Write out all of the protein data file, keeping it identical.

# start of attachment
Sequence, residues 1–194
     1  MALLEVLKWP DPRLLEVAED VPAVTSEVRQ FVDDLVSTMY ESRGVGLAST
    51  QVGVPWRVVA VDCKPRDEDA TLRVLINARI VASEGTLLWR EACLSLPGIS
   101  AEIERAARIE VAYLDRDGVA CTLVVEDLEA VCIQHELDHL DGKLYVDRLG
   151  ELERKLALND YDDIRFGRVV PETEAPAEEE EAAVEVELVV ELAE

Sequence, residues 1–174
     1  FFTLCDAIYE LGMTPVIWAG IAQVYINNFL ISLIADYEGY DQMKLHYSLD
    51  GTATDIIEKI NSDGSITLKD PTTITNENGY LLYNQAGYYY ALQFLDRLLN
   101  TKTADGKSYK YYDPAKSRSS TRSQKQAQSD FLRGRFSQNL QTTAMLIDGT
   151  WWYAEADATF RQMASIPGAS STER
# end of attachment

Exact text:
Sequence, residues 1–194
     1  MALLEVLKWP DPRLLEVAED VPAVTSEVRQ FVDDLVSTMY ESRGVGLAST
    51  QVGVPWRVVA VDCKPRDEDA TLRVLINARI VASEGTLLWR EACLSLPGIS
   101  AEIERAARIE VAYLDRDGVA CTLVVEDLEA VCIQHELDHL DGKLYVDRLG
   151  ELERKLALND YDDIRFGRVV PETEAPAEEE EAAVEVELVV ELAE

Sequence, residues 1–174
     1  FFTLCDAIYE LGMTPVIWAG IAQVYINNFL ISLIADYEGY DQMKLHYSLD
    51  GTATDIIEKI NSDGSITLKD PTTITNENGY LLYNQAGYYY ALQFLDRLLN
   101  TKTADGKSYK YYDPAKSRSS TRSQKQAQSD FLRGRFSQNL QTTAMLIDGT
   151  WWYAEADATF RQMASIPGAS STER